Failure to Launch in Fundraising

Jason Yeh
May 9, 2023


It's real. And honestly - it affects even the most well-educated and traditionally successful people out there. I catch myself doing it every once in a while because, you know what? Success can be scary.

Be careful about self-sabotage when it comes to fundraising. 

Self-sabotage in fundraising manifests itself in a failure to launch and after guiding hundreds of founders through the fundraising process, it's something I see all the time.

Where the sabotage starts in fundraising

I always emphasize that fundraising prep is crucial to a successful fundraise. Building relationships with investors, crafting a compelling narrative, and identifying the right investors for your company all require a great deal of time and thoughtfulness. It's not something that can be done overnight.

However, there's a fine line between preparing thoroughly and getting stuck in a cycle of perpetual preparation that leads to self-sabotage. The fear of failure can be paralyzing, and founders often become so obsessed with perfecting every nuance that they delay launching their fundraising efforts indefinitely.

Why is launching a fundraise so scary?

It's understandable why fundraising can be so frightening. Launching a fundraise forces a founder to confront the reality of either succeeding or failing. Both outcomes can be very taxing to handle. High achievers, in particular, are often afraid of failure of any kind. They have a pattern of being well-informed and ready for anything in order to achieve their successes. Fundraising failure, in particular, is scary because it can have existential impacts on a company. Inability to secure term sheets could ultimately mean shutting down.

On the other hand, success can also be scary.  Questions arise like:

  • Will you be able to use that money effectively?
  • Do you know how to run the company at the next stage?
  • If you take someone's money, will you be able to deliver a return for them?

These are all valid concerns that any founder would have.

The fears associated with fundraising often cause founders to subconsciously sabotage their efforts. This takes the form of rational feet-dragging. For example, a founder might say:

  • "Jason said I need to have 100 target investors. I only have 98 and it'll take me a few weeks to get those last 2"
  • "My story will be so much better when i make this incremental improvement in the product"
  • "I still haven't practiced my latest pitch / gotten enough feedback on the deck... I'll wait another few weeks before that's done"

With all these fears, it is easy for founders to subconsciously sabotage their fundraising efforts. They may rationalize the delay, thinking they need more time to get the perfect pitch or to identify the right investors.

Overcoming the fear of launching

So, what can a founder do to overcome the fear of launching and the tendency to  self-sabotage?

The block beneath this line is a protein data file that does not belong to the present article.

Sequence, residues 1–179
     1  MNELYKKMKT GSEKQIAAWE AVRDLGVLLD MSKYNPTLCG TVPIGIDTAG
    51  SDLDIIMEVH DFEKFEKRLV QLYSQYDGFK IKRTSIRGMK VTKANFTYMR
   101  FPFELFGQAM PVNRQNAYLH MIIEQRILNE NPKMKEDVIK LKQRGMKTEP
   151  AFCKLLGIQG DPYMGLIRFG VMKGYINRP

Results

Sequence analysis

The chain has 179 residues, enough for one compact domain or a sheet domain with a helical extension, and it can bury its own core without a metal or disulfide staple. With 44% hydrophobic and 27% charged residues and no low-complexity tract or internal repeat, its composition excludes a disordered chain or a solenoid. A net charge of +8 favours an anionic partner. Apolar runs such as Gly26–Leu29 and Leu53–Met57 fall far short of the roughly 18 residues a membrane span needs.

Here are some practical tips:

  1. Be aware of this tendency and acknowledge that it exists. Once you recognize that fear is holding you back, you can start to shift your mindset. Instead of focusing on the fear of failure or success, try to get excited by the challenge ahead. Recognize that no matter the outcome, the experience will be a valuable learning opportunity that will help you grow as a founder and leader.
  2. Set clear and achievable goals for your fundraising preparation. Break down your tasks into smaller, manageable steps, and set realistic deadlines for each step.
  3. Seek feedback from trusted peers, advisors, or mentors. They can provide valuable insights and help you refine your pitch or address any concerns you may have.
  4. Related to #3 - Surround yourself with a supportive network of fellow founders, mentors, and friends. They can encourage you, hold you accountable, and provide guidance when needed.
  5. Acknowledge your fears, but don't let them dictate your actions. Address them proactively, and devise strategies to overcome them.
  6. Practice your pitch in front of others and refine your storytelling, no matter how rough you think your first try will be. The more comfortable and confident you are with your pitch, the more likely you are to engage potential investors and overcome your fears.
  7. Keep track of your progress and celebrate small wins along the way. This will help you maintain momentum and stay motivated throughout the fundraising process.
  8. Lastly, remember that setbacks and challenges are part of the journey. Learn from them, adapt, and keep pushing forward.

It is important to be aware of the tendency to self-sabotage and turn your fear of fundraising into faith in your process. Get excited about the challenge and the potential for growth, no matter what the outcome. The key is to strike a balance between preparation and action. Don't let fear hold you back from launching. The outcome is growth no matter which way things go.

Good luck!

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